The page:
By Joseph Plummer
Since its inception in 1997, the Bill and Melinda Gates Foundation has made grant payments totaling more than $33.5 billion. These grants have gone to things like polio eradication, the Malaria Vaccine Initiative and targeted education efforts in low-income communities. The Gates Foundation’s endowment is currently around $43 billion.
Harvard’s endowment is of a similar magnitude: around $32.7 billion, compared to the average university endowment of about $350 million. Harvard has used its massive endowment to fund professorships, financial aid and research. These endowments seem to be positive forces for good. Furthermore, they seem to provide perpetual funding for their chosen causes. So, why don’t we have more massive endowments?
Most endowments are the result of wealthy individuals setting aside money for a particular cause or set of causes. Or, in the case of universities, it is the result of an accumulation of donations and grants. So, it makes sense that we don’t have thousands of massive endowments of magnitudes similar to that of Gates and Harvard. On the other hand, we have witnessed numerous injections of capital into the economy by the federal government in the form of stimulus packages and quantitative easing.
The American Recovery and Reinvestment Act of 2009, which was introduced to the House on Jan. 26, 2009, and signed into law by the president three weeks later, injected roughly $800 billion into the American economy over 10 years. The legislation funded things like infrastructure, energy efficiency, education, healthcare and scientific research. The Federal Reserve has also been very active in recent years. The latest round of quantitative easing (QE3) started in September 2012 at a rate of $40 billion per month and peaked in 2014 at a rate of $85 billion per month. This money is injected into the economy when the Federal Reserve buys securities from banks thus giving banks more capital to lend. Quantitative easing and federal stimulus packages are shortsighted solutions to our economic problems.
Consider the money associated with the American Recovery and Reinvestment Act of 2009 — $800 billion. That amount of money is the equivalent to about 18 Gates endowments or 25 Harvard endowments. Similarly, at the starting QE3 rate of $40 billion a month over two years, we could create 24 Gates endowments. At the QE3 rate of $85 billion a month over two years, we could create 62 Harvard endowments. That’s a $33 billion endowment for every state and territory in the Union. Again, endowments provide perpetual funding streams. These wouldn’t simply fund a road maintenance project and create jobs for a year. Endowments are designed to give ongoing support.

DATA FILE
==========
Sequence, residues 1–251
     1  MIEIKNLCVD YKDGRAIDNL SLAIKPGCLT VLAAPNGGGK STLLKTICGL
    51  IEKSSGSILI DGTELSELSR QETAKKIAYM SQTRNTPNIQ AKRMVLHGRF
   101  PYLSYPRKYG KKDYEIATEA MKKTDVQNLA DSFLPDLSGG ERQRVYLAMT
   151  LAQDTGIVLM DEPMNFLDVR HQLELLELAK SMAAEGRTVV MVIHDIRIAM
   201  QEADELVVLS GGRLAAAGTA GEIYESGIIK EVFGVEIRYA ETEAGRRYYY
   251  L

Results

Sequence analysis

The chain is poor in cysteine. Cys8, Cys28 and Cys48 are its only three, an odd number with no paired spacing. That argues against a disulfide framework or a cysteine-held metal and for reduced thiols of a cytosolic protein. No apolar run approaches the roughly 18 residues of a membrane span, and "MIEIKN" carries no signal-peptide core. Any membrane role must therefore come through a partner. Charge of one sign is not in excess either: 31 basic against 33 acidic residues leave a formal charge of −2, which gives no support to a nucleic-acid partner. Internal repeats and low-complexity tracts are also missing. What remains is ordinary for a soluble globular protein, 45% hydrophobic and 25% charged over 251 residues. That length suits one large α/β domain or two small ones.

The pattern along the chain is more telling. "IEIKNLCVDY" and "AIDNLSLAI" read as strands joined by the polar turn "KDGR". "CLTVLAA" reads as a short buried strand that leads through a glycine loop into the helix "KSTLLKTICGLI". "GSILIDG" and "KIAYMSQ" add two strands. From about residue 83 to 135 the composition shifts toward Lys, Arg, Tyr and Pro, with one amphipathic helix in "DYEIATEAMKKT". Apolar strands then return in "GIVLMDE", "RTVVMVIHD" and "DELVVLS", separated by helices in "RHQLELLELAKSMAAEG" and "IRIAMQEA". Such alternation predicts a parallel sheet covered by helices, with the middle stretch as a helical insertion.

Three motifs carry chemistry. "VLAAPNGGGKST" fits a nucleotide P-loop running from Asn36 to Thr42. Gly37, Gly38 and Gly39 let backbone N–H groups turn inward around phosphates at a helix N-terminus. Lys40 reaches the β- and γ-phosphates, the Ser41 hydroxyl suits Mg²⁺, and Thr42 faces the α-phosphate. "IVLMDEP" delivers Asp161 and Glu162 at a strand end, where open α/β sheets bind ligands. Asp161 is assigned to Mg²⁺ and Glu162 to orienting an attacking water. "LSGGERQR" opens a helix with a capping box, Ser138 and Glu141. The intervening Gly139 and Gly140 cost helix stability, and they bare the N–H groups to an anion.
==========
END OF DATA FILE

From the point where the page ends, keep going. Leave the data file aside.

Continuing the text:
Advocates for smaller government should like this idea. While this wouldn’t necessarily shrink government, it would inherently shrink the market share of the government sector (perhaps a more accurate term for this would be ‘sector share’).
As a percentage of the economy (GDP), the government sector (government expenditures), which includes local, state, and federal government agencies, represents a significantly larger percentage (~40 percent) than the nonprofit sector (~5.5 percent), which includes charities, foundations, universities and hospitals.
Therefore, if newly injected money were funneled to the nonprofit sector, then the nonprofit sector would grow while the government remained close to the same size. It is also reasonable to assume that as the nonprofit sector grows, the government sector would not only shrink in sector share, but also in actual size. A lot of the work done by government agencies can be done by the nonprofit sector (think: education, healthcare and other social services).
It is clear that our societal challenges aren’t getting easier. Issues relating to food, energy, water, poverty, infrastructure, education and justice are becoming more and more complex. A more robust nonprofit sector is necessary to address these challenges. Increasing the size and number of philanthropic and university endowments can very effectively address the social and environmental challenges of today and tomorrow.
As governments consider future rounds of economic stimulus and quantitative easing, they should consider the effectiveness and longevity of endowments.
Image credit: Flickr/Angela N.
Joseph Plummer is a degree candidate in the Executive Master of Natural Resources (XMNR) program at Virginia Tech, expecting to graduate in May 2016.